What Is Conceit?
A conceit is a type of metaphor, a comparison of two unlike things for the purpose of creating an extended meaning. For instance, “Life is a bowl of cherries” is a conceit that tells us several things about the nature of life. It is sweet and delicious, but it doesn’t last forever. The comparison, which at first seems surprising or out of place, adds depth to both literature and ordinary conversation, and at the same time, a conceit helps to boil down an idea that may be fairly complex into a simple turn of phrase.
How Do You Identify Conceit in Writing?
In literature, there are two main types of conceit, the metaphysical and the Petrarchan.
- A Petrarchan conceit, named for the medieval Italian poet Petrarch, is an exaggerated comparison between the beloved and the natural world. “Her eyes are heavenly stars” is a Petrarchan conceit.
- A Metaphysical conceit, made popular by the seventeenth-century poet John Donne, is a comparison between unlike things designed to bring forth the metaphorical meaning of the poem. At the beginning of “The Sun Rising,” Donne calls the sun a “busy old fool” for ending his night with his lover, which begins an extended discussion of the relationship between love and time.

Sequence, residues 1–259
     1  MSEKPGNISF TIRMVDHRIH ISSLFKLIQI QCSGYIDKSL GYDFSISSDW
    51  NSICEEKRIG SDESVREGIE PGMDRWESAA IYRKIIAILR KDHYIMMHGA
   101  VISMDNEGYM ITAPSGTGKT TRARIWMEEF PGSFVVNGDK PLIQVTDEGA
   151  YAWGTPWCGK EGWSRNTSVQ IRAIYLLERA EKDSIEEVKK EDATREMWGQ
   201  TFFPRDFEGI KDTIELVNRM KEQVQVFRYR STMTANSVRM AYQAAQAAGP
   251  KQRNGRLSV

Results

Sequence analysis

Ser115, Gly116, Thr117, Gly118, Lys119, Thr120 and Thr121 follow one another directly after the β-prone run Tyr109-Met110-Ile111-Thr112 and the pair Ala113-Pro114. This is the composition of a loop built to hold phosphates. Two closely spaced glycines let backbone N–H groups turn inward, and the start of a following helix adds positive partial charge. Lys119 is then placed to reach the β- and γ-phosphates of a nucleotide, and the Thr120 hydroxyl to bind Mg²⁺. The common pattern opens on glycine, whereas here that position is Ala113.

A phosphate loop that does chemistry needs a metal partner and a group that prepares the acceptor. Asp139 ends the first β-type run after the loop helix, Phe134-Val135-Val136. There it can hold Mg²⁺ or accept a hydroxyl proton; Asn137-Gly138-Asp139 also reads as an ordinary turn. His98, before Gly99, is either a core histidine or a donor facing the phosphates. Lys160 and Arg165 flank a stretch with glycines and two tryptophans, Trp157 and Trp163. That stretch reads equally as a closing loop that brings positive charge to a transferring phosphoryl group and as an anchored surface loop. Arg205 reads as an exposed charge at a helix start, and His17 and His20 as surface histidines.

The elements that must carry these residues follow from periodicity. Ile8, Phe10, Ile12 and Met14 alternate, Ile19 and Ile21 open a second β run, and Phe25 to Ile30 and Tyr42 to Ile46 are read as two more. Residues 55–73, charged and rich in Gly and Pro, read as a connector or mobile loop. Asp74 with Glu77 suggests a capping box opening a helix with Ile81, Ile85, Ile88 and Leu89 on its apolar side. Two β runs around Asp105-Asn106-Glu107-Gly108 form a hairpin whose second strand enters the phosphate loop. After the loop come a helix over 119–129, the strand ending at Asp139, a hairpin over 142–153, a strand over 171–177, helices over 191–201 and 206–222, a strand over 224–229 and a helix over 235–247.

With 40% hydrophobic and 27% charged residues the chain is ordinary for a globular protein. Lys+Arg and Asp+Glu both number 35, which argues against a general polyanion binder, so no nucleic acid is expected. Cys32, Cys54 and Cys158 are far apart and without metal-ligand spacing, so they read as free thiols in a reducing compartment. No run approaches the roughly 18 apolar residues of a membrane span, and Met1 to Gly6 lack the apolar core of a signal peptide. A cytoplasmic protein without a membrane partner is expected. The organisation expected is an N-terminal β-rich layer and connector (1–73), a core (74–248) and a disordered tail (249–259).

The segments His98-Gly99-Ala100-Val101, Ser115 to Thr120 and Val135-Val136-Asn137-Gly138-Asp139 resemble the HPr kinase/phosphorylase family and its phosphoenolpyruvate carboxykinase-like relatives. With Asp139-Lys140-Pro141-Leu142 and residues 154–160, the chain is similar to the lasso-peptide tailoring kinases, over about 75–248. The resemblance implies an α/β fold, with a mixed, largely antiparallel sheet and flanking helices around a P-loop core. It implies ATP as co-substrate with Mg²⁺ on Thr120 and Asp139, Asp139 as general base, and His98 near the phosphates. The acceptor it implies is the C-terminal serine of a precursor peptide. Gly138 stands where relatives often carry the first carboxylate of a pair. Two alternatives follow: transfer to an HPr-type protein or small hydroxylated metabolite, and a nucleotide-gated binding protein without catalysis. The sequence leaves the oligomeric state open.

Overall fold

Examples of Conceit
Conceit Example 1. In “Diving into the Wreck,” Adrienne Rich creates a conceit that compares a ruined love affair with the exploration of an underwater shipwreck.
Conceit Example 2. There is a famous conceit at the heart of the film Forrest Gump: Life is like a box of chocolates. The entire movie explores this idea that “you never know what you’re going to get” by having Gump experience many different aspects of American society over a generation.
Conceit Example 3. The Heart is a Lonely Hunter, the title of Carson McCuller’s best known novel, explores the concept of unrequited love.
Conceit Example 4. In John Donne’s poem, “The Flea,” the conceit compares a flea, which has sucked the blood from both a man and his lover, to a marriage bed.
Conceit Example 5. Popular music often uses conceits. For instance, in “Firework,” Katy Perry uses several conceits; life is like a “plastic bag,” a “house of cards” and “fireworks.”
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